Frustrated at their blindness to my insight, I set out to prove them wrong, spending countless hours wrestling with the system to make it do what I want: improve the care I was giving without taking extra time. The systems I developed helped us offer better care (double the national average on colonoscopy, pneumococcal vaccine, A1c monitoring), and still be in the top 10% of income for primary care. This accomplishment earned us the Davies Award from HIMSS, and earned me a permanent spot on the EMR speaking circuit. Still, I was never really satisfied with the care I gave, and always looked for ways to do it better.
Unfortunately, the increasing popularity of EMR caused increased focus from the government. PQRI, NCQA, HIPAA, and CCHIT all took focus of our vendor from clinical development, instead focusing on regulatory requirements. When the HITECH act passed I was still (delusionally) optimistic that the focus would eventually turn to patient care. But the last update I saw on the product I bought in 1996 showed the truth: the product was certified for “meaningful use,” but it was bad. Really bad. We even nicknamed it “Vista.” Previously simple tasks were difficult, and data was harder to use, and was not moving at all toward better patient care.
My inability to accept mediocre care (and my obnoxious obsession with improving it, from my partners’ perspective) eventually drove me from the world of meaningful use and E/M coding to my current home: a practice that accepts only monthly payments between $30 and $60 a month in exchange for an undiluted attention to patient care. Without the overhead caused by the ridiculous complexity of our payment system, I can finally realize my dream of showing the world what good care actually looks like.
But here’s the hitch: EMR has never left the world of note generation. Yes, it does submit data so the doctor can get the check for (ironically) achieving “meaningful use,” but that data is still very hard to actually use to improve care. My attempts at using other EMR products to accomplish my goal have proven to me once and for all that to truly give good care I’d have to abandon EMR as I knew it. I’ve got to look beyond EMR to something better, more focused on the patient and less on the payment. But it’s really been a hard search. I know what I want to do, but the road to that goal is not yet evident.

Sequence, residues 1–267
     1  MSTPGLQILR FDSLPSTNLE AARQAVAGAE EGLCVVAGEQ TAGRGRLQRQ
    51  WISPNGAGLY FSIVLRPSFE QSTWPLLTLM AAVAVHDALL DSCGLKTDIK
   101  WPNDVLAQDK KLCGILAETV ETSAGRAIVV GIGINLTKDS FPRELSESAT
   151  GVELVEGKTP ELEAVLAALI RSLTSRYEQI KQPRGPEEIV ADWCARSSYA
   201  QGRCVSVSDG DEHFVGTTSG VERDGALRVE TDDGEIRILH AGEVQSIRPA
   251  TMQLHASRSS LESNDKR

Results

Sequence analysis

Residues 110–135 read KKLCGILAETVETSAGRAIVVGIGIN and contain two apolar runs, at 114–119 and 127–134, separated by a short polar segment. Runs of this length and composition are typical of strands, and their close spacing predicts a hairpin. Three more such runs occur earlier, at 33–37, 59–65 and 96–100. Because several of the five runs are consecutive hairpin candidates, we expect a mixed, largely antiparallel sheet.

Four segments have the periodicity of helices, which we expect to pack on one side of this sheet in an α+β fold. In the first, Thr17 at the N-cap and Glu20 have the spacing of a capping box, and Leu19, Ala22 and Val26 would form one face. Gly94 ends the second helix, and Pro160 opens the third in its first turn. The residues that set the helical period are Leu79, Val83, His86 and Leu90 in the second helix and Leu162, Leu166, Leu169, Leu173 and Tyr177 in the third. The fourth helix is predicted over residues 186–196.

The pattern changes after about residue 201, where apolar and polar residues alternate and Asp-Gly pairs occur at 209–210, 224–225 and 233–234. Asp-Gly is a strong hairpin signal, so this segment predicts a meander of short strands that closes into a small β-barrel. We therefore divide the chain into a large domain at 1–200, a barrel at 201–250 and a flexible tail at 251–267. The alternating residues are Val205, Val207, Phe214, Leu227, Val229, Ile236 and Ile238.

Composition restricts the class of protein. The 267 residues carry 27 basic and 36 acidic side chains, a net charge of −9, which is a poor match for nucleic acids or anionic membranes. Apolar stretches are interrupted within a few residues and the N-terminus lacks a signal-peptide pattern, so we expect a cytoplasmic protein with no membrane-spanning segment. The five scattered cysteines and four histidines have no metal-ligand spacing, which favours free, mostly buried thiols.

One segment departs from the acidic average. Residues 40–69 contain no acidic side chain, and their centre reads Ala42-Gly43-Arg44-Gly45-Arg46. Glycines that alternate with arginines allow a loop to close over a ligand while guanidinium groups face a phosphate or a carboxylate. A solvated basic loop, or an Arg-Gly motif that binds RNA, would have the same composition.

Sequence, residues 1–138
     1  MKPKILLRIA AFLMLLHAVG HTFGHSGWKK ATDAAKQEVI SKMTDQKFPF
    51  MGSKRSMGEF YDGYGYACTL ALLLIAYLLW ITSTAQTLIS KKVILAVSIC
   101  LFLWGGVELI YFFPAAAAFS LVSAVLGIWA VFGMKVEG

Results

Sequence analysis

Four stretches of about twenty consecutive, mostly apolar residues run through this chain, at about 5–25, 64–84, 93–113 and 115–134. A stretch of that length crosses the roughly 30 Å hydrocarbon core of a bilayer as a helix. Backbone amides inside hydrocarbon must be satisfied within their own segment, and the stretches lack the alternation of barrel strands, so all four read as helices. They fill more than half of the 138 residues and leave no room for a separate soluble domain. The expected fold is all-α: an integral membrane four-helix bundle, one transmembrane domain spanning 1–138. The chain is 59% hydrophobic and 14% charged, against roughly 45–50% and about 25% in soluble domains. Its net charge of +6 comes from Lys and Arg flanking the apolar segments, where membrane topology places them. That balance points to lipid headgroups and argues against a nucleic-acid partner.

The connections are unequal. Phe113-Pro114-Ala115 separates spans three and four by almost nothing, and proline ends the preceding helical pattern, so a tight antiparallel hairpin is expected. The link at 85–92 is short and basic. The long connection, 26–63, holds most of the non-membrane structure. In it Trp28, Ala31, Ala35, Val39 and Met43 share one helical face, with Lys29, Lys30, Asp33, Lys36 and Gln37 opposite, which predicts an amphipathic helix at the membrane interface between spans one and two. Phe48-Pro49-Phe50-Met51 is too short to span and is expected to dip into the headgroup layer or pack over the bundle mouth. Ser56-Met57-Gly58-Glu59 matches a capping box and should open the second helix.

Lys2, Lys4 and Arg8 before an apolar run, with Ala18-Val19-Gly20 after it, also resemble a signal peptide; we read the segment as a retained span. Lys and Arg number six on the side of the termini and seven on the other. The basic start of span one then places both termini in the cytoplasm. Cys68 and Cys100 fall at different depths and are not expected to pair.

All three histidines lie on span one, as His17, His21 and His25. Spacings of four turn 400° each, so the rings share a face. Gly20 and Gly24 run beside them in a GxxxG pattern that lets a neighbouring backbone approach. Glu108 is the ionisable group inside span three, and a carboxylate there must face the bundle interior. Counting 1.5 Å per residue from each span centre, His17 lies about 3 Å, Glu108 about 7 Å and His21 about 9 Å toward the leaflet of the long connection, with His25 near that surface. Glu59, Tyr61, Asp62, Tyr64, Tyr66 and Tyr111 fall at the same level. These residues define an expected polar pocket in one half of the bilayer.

So what do I think really good electronic records should look like? I’m up to 1144 words now, so that will have to wait for a future post. Instead, let me take this moment to throw a flower on the grave of the EMR enthusiast. It’s been quite a ride. I don’t join those who look back to the “good old days” of paper records (It’s like longing for the “good old days” before indoor plumbing). No, I still look to use technology to make my care better; it just won’t include EMR’s in the form they are now. In truth, it’s never been about computers; it’s about the person sitting across from me: the one who is putting their life in my hands. Perhaps the death of this evangelist can prevent other deaths, the real ones.
Rob Lamberts, MD, is a primary care physician practicing somewhere in the southeastern United States. He blogs regularly at More Musings (of a Distractible Kind), where this post first appeared. For some strange reason, he is often stopped by strangers on the street who mistake him for former Atlanta Braves star John Smoltz and ask “Hey, are you John Smoltz?” He is not John Smoltz. He is not a former major league baseball player. He is a primary care physician.